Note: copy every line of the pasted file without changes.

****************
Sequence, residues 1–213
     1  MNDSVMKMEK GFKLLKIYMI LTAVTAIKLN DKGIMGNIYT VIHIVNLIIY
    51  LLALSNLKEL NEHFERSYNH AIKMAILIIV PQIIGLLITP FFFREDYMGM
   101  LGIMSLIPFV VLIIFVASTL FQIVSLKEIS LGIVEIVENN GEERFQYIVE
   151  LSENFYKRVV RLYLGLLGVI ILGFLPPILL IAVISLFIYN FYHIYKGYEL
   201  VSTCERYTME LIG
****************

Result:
Sequence, residues 1–213
     1  MNDSVMKMEK GFKLLKIYMI LTAVTAIKLN DKGIMGNIYT VIHIVNLIIY
    51  LLALSNLKEL NEHFERSYNH AIKMAILIIV PQIIGLLITP FFFREDYMGM
   101  LGIMSLIPFV VLIIFVASTL FQIVSLKEIS LGIVEIVENN GEERFQYIVE
   151  LSENFYKRVV RLYLGLLGVI ILGFLPPILL IAVISLFIYN FYHIYKGYEL
   201  VSTCERYTME LIG